Mitigation pathways by Integrated Assessment Models (IAMs) describe future emissions that keep global warming below specific temperature limits and are compared with countries’ collective greenhouse gas (GHG) emission reduction pledges. This is needed to assess mitigation progress and inform emission targets under the Paris Agreement. Currently, ho...
Article
Full-text available
A recent study on forest harvest in the EU (Ceccherini et al. 2020) reported a strong increase in clear-cut harvested area in recent years, based on remote sensing information. This triggered a heated debate and many critical comments. Apart from several fair and constructive criticisms, which were welcome, we found that some comments have been eit...
Article
Full-text available
Wetland methane (CH 4 ) emissions ( $${F}_{{{CH}}_{4}}$$ F C H 4 ) are important in global carbon budgets and climate change assessments. Currently, $${F}_{{{CH}}_{4}}$$ F C H 4 projections rely on prescribed static temperature sensitivity that varies among biogeochemical models. Meta-analyses have proposed a consistent $${F}_{{{CH}}_{4}}$$ F C H 4...
Article
Full-text available
Ecosystem respiration is a major component of the global terrestrial carbon cycle and is strongly influenced by temperature. The global extent of the temperature–ecosystem respiration relationship, however, has not been fully explored. Here, we test linear and threshold models of ecosystem respiration across 210 globally distributed eddy covariance...
Article
The rising atmospheric CO2 concentration leads to a CO2 fertilization effect on plants—that is, increased photosynthetic uptake of CO2 by leaves and enhanced water‐use efficiency. Yet, the resulting net impact of CO2 fertilization on plant growth and soil moisture savings at large scale is poorly understood. Drylands provide a natural experimental...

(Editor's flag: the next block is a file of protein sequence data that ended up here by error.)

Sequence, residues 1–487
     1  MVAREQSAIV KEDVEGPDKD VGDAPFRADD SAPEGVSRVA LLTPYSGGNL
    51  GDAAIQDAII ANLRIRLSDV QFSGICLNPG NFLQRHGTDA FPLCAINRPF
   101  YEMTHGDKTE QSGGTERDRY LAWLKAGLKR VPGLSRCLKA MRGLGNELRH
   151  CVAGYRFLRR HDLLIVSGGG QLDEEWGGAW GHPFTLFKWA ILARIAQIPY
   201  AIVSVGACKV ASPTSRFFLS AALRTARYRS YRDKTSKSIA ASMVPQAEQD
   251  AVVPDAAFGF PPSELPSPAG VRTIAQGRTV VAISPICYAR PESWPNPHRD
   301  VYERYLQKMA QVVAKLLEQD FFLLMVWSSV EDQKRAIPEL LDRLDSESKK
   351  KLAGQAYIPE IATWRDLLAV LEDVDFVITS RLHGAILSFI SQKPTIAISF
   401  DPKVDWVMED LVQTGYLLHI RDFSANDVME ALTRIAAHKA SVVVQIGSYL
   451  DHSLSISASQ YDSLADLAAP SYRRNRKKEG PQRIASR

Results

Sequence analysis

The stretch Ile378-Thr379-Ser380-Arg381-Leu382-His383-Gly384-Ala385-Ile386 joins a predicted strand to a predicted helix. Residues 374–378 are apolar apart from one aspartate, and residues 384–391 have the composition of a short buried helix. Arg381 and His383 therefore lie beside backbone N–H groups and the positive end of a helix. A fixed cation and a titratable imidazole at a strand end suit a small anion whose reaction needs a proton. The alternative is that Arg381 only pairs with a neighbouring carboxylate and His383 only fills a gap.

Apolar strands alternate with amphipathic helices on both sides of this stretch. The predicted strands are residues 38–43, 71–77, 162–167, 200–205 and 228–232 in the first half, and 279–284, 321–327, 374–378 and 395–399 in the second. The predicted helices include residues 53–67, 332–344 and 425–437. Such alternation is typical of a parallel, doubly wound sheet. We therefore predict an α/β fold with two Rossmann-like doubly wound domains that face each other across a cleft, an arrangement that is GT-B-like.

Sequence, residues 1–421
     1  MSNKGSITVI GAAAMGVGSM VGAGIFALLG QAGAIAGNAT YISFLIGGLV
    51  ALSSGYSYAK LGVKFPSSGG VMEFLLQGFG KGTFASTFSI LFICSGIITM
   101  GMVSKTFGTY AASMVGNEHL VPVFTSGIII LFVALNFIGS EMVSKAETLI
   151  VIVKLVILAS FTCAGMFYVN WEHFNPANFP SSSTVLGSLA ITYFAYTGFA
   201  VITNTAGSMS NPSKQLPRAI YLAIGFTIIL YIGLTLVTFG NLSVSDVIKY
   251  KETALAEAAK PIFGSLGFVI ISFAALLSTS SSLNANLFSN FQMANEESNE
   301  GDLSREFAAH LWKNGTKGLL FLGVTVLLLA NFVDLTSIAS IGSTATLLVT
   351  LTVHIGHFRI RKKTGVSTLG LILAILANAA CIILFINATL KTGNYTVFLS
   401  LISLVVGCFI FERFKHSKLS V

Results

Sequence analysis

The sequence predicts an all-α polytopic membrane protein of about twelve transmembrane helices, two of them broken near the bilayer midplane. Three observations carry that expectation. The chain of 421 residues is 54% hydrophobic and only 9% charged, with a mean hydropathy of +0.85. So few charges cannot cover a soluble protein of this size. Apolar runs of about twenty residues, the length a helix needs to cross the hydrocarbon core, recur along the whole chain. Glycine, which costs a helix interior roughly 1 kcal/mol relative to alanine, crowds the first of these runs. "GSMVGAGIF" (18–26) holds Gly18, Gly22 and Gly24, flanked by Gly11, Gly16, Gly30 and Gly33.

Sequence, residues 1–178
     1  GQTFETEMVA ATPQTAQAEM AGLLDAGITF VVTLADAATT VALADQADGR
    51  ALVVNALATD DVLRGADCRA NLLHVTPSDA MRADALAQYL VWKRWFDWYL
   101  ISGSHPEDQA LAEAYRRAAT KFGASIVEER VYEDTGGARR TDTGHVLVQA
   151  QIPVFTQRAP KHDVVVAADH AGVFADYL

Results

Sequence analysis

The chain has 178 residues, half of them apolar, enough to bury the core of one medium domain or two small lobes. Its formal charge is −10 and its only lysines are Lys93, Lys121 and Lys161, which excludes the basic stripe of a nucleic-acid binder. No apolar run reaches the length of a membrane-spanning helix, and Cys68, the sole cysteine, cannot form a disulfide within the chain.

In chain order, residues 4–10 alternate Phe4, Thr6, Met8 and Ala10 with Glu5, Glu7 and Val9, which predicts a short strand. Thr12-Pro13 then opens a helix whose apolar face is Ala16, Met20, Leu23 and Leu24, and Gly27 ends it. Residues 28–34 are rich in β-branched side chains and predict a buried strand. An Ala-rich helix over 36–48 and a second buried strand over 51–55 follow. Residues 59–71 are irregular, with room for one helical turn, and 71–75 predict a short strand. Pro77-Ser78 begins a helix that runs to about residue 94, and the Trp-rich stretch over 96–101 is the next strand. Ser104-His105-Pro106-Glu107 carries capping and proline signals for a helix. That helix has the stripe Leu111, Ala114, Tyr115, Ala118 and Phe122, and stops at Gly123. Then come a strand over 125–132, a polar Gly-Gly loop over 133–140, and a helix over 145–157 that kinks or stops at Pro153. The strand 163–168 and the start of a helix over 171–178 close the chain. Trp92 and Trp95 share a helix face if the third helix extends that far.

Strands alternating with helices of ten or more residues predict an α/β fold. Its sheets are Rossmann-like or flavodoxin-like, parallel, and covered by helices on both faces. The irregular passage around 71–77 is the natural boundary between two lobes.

Article
Full-text available
Forest disturbance regimes are expected to intensify as Earth’s climate changes. Quantifying forest vulnerability to disturbances and understanding the underlying mechanisms is crucial to develop mitigation and adaptation strategies. However, observational evidence is largely missing at regional to continental scales. Here, we quantify the vulnerab...
Article
Full-text available
Empirical vegetation indices derived from spectral reflectance data are widely used in remote sensing of the biosphere, as they represent robust proxies for canopy structure, leaf pigment content, and, subsequently, plant photosynthetic potential. Here, we generalize the broad family of commonly used vegetation indices by exploiting all higher-orde...
Article
Full-text available
Climate model biases in the representation of albedo variations between land cover classes contribute to uncertainties on the climate impact of land cover changes since pre-industrial times, especially on the associated radiative forcing. Recent publications of new observation-based datasets offer opportunities to investigate these biases and their...
Article
Full-text available
The enhanced vegetation productivity driven by increased concentrations of carbon dioxide (CO2) [i.e., the CO2 fertilization effect (CFE)] sustains an important negative feedback on climate warming, but the temporal dynamics of CFE remain unclear. Using multiple long-term satellite- and ground-based datasets, we showed that global CFE has declined...
Article
Full-text available
The rapid polar sea ice retreat and its drivers are challenging and still unresolved questions in climate change research. In particular, the relationship between near-surface wind speed and sea ice extent remains unclear for two main reasons: 1) observed wind speeds over Polar Regions are very sparse, and 2) simulated winds by climate models are d...
Article
Full-text available
The rapid polar sea ice retreat and its drivers are challenging and still unresolved questions in climate change research. In particular, the relationship between near-surface wind speed and sea ice extent remains unclear for two main reasons: (1) observed wind speeds over Polar Regions are very sparse, and (2) simulated winds by climate models are...
Article
Full-text available
Aerosol- and cloud-induced changes in diffuse light have important impacts on the global land carbon cycle, as they alter light distribution and photosynthesis in vegetation canopies. However, this effect remains poorly represented or evaluated in current land surface models. Here, we add a light partitioning module and a new canopy light transmiss...
Article
Full-text available